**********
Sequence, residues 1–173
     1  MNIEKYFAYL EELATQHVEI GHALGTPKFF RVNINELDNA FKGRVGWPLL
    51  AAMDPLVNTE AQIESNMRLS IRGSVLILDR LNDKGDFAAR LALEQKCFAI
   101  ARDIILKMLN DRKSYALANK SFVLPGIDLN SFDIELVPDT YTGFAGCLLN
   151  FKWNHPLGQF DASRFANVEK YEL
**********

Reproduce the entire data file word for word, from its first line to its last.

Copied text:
Sequence, residues 1–173
     1  MNIEKYFAYL EELATQHVEI GHALGTPKFF RVNINELDNA FKGRVGWPLL
    51  AAMDPLVNTE AQIESNMRLS IRGSVLILDR LNDKGDFAAR LALEQKCFAI
   101  ARDIILKMLN DRKSYALANK SFVLPGIDLN SFDIELVPDT YTGFAGCLLN
   151  FKWNHPLGQF DASRFANVEK YEL